A building known and loved by people around the world, the Taj Mahal has become an icon of India. Awe-inspiring, grand in scale and steeped in history, it’s a monument that certainly needs to be seen to be believed. If you’re thinking of visiting this incredible site, learn more about its past, who built it, where the Taj Mahal can be found, and more!
Who built the Taj Mahal?
Considered to be one of the greatest Mughal emperors, Shah Jahan ruled a large portion of the Indian subcontinent from 1628 to 1658, and commissioned the construction of the Taj Mahal. Encompassing the majority of modern day India, Pakistan, Bangladesh, Afghanistan and other surrounding areas, the empire was expansive and renowned for its fine Indo-Islamic architecture.
Why was the Taj Mahal built?
Shah Jahan was married to several women (a common occurance at the time), but was besotted with one, his chief consort and clear favourite, Mumtaz Mahal. The couple had a loving relationship and the emperor valued Mumtaz Mahal as a close confidant and adviser.
During the birth of the couple’s 14th child in 1631, Mumtaz Mahal suffered a hemorrhage and passed away. Heartbroken at the loss of his wife, Shah Jahan is said to have been paralysed with grief and retreated from the public eye for a year to mourn. On his return to public life, Shah Jahan commissioned the Taj Mahal as a mausoleum for Mumtaz Mahal.
When was the Taj Mahal built?
Following the death of Mumtaz Mahal in 1631, construction of the Taj Mahal began in 1632 after being commissioned by the emperor.
By 1643, the main structure was largely complete, with further structures, including a mosque, finished in the next ten years. In 1653, the spectacular monument was complete and Mumtaz Mahal was interned beneath the vaulted dome of her tomb.
Over the course of the 21 year construction, it is said that around 20,000 people and 1,000 elephants were employed to help achieve Shah Jahan’s architectural dream. Requisitioned from across Central Asia, India, Iran and beyond, workers, including craftsmen, builders, artisans, contributed their skills to the major project.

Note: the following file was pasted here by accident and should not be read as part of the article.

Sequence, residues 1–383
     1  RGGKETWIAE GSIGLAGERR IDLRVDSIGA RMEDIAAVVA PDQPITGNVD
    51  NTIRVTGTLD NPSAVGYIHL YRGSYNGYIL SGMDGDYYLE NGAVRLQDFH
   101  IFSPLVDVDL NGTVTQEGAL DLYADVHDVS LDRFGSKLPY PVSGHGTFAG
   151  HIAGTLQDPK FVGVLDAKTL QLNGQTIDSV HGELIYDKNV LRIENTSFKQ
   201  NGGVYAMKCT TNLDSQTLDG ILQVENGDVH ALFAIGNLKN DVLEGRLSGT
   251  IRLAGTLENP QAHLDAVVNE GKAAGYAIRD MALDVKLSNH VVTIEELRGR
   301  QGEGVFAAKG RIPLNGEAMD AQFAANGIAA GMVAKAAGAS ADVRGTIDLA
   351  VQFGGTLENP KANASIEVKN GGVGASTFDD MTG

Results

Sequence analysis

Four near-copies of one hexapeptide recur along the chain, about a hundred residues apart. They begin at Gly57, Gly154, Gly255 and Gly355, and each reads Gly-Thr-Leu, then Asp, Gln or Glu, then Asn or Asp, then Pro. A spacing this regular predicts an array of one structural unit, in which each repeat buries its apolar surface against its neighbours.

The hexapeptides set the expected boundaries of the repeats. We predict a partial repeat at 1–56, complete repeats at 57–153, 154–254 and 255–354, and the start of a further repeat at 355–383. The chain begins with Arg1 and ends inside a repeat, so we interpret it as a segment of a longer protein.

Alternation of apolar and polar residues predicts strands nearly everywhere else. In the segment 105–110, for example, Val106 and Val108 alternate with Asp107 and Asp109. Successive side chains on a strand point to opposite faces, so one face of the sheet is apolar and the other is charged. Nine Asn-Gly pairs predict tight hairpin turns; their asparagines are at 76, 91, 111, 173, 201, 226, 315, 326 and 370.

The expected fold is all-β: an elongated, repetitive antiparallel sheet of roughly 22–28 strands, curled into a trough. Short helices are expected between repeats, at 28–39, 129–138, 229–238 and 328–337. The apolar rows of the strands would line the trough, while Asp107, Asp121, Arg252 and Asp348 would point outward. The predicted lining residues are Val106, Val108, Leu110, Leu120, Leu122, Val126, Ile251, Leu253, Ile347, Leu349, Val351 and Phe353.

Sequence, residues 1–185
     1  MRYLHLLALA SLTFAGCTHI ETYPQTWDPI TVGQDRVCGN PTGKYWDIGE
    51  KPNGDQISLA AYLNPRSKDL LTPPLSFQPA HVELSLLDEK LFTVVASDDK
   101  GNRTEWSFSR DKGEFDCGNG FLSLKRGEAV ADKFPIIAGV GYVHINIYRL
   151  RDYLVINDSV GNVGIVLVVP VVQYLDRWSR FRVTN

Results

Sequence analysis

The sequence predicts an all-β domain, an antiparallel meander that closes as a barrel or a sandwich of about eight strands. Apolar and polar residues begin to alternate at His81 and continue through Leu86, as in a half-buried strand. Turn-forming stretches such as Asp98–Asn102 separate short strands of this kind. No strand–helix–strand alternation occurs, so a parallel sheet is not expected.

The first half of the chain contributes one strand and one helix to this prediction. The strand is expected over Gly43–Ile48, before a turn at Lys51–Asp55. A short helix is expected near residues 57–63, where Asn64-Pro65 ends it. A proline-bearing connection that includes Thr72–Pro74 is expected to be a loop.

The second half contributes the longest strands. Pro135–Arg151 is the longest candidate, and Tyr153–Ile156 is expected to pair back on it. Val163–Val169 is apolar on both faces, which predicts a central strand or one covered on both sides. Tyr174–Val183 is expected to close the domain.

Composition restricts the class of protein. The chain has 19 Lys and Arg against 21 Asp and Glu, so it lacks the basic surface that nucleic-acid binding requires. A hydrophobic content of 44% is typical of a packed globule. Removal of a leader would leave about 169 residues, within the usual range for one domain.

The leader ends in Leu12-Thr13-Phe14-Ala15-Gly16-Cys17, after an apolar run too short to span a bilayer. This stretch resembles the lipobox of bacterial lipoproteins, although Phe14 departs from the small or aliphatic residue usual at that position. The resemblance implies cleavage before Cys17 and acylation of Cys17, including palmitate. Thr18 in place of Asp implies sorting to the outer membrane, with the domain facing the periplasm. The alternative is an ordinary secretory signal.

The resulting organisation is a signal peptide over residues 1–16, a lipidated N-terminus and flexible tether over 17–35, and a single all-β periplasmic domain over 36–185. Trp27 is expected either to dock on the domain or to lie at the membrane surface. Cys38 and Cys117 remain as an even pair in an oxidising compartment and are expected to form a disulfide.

Along with builders and masons, carvers, painters, calligraphers and others with very specialised skill sets were employed to help make the building a reality.
Where is the Taj Mahal?
The Taj Mahal is located on the southern bank of the Yamuna River in the Indian city of Agra. Situated in the northern state of Uttar Pradesh, the iconic structure is around 200 km south of New Delhi, India’s current capital, and approximately 250 km from Jaipur, another of the state’s prominent cities. Trains run from New Delhi to Agra quite frequently, meaning that a daytrip from the Indian capital is a great option.
What makes the Taj Mahal so special?
As one of the world’s most famous buildings, there are plenty of reasons why it is considered to be so special.
Check out some of the top reasons:
- It’s a symbol of love and devotion. We’ve all heard stories of romance and grand gestures, but the construction of the Taj Mahal tops them all. Built to honour the emperor’s wife, and serving as her final resting place, the building was designed with no other purpose than to embody their devotion to each other.
- It is incredibly beautiful. Constructed from white marble and inlaid with precious stones, the beauty of the monument is said to reflect that of Mumtaz Mahal, and it’s easy to believe. Spectacular at sunrise and sunset as the colour of the marble shifts and changes, the 170 metre tall structure is a sight to behold.
- The design is impressive. Close to completely symmetrical, the Taj Mahal is not only aesthetically pleasing but also quite remarkable for the period of history in which it was built. Without the use of computers, calculators and construction machinery, the skilled workers were able to deliver an astounding building.
- It’s on the UNESCO World Heritage list. In 1983, the Taj Mahal was recognised for its universal value and the way in which it represents the best of Indo-Islamic architecture.